Norway & Sweden (the model of Home Rule), are playing a game of roughand tumble, which, unless they are careful, may break the leash whcih binds together, and leave them a prey to enterprising neighbours.
Russia is offering the olive branch to the world. All honour to him, but if he could discard those toys in his belt, and the store under his right arm, and if we knew exactly what fish he is playing on his line, the world might be more ready to accept his offer.
Turkey, who has lost so much weight as to be scarcely recognizable, is holding his band to his ear. Would that he might hear the howl of indignation which rises against hom for the terrible stain upon his clothes. His hook is still fixed in the nose of Crete, but it looks as if it might easily be torn out. Russia treads heavily upon him, and he no longer knows the repose of by-gone days. Even the "present for a good boy," which lies in his pocket, may not bring him much satisfaction.
Greece, having tried to seize the Cretan spike fish, has pricked his fingers.
In Austria, the people of all the various nationalities join with the Emperor in deplouring the loss which the hand of an anarchist assassin has caused.
Switzerland, it is to be hoped, is at last determined to put its foot down upon these reptiles in human form.
'John Bull and his Friends A Serio-Comic Map of Europe' by Fred. W. Rose
Rose’s 1877 map is very similar to the 1900 one. But while Russia still is the offending protagonist, tentacling its way into its neighbours’ affairs, the nature and direction of some of the anthropomorphic nations has changed, reflecting an altered political landscape. Whereas France in the 1877 map is an old general aiming cannon at Germany, still frustrated by its recent defeat in the Franco-Prussian war of 1870-’71, France in 1900 is Marianne, dressed in the revolutionary colours, looking away from Germany, and toward Britain. A like-for-like comparison would lead us too far, but the legend of Rose’s 1900 map provides some explanation:Great Britain - John Bull has been attacked by two wild cats. He is however able to rely on the stores of ammunition behind him, as well as his own pluck and great resources. The letter at his feet from his friend Uncle Sam, would be more encouraging were it not for the post-script. The Nationalist section in Ireland has taken this opportunity to vent his abuse upon him, but is restrained by the loyalty of the people.
France too, is scolding and threatening to scratch with one hand, while with the other she is beckoning on Germany to help her. Although the Dreyfus affair is thrust into the back-ground she is much occupied with her new doll's house. She has somehow managed to break all the toys on her girdle and her heart is sore, for she attributes these disasters to John Bull.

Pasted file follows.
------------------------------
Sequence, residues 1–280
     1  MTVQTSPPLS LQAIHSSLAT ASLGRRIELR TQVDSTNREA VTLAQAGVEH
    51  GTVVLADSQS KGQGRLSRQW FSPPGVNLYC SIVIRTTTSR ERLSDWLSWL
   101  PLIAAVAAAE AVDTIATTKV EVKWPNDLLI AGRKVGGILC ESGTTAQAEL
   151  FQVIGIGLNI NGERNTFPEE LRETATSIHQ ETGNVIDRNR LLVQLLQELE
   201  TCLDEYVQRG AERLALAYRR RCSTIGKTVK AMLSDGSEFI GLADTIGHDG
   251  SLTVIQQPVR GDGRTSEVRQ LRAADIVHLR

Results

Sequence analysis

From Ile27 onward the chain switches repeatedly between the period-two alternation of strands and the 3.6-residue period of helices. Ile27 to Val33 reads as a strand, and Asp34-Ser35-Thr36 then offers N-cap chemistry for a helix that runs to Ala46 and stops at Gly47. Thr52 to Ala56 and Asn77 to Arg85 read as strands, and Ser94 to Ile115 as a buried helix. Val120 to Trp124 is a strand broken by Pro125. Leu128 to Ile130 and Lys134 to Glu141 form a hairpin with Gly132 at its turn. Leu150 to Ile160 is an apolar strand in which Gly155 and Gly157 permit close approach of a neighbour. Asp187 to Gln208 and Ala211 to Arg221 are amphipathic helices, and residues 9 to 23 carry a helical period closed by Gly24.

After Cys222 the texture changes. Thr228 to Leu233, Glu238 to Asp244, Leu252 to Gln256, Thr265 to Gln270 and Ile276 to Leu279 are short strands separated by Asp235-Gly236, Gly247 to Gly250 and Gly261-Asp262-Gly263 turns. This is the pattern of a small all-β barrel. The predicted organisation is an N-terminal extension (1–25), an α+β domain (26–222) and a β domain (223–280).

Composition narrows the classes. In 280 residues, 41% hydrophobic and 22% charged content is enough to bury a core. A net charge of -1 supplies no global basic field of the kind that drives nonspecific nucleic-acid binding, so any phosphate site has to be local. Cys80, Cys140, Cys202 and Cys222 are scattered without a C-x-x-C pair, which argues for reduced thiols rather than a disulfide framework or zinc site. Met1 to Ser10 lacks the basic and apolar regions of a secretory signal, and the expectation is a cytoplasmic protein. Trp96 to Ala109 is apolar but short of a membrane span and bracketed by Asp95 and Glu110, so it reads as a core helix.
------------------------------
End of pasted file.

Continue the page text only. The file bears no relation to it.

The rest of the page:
Holland and Belgium are also calling him unpleasant names.
Spain, weary with her recent struggles, remembers that John was in no way inclined to help her, and looks up hoping to see him attacked by some of her neighbours.
Portugal is pleased to think he holds the Key of the situation.
Norway and Sweden though still struggling to get free from their mutual leash, turn their attention to John's difficulties, while Denmark is kindly sending him a present of provisions.
Austria and Hungary will be content with dreadful threats
Switzerland's satisfaction that her Red Cross has done good service, is marred by the news of John's victories, which she is reading.
Italy alone holds out the hand of encouragement to his old friend.
In Corsica the shade of her great departed son is wondering why people don't act, as he would have done, instead of growling and cursing.
Turkey, resting comfortably on his late foe Greece, is smiling at the thought that these troubles do not harm him and perhaps he is not sorry that John will not come to much harm.
Russia, in spite of the Tzar's noble effort to impress her with his own peaceful image, is but an octopus still. Far and wide her tentacles are reaching. Poland and Finland already know the painful process of absorption. China feels the power of her suckers, and two of her tentacles are invidiously creeping towards Persia and Afghanistan, while another is feeling for any point of vantage where Turkey may be once more attacked.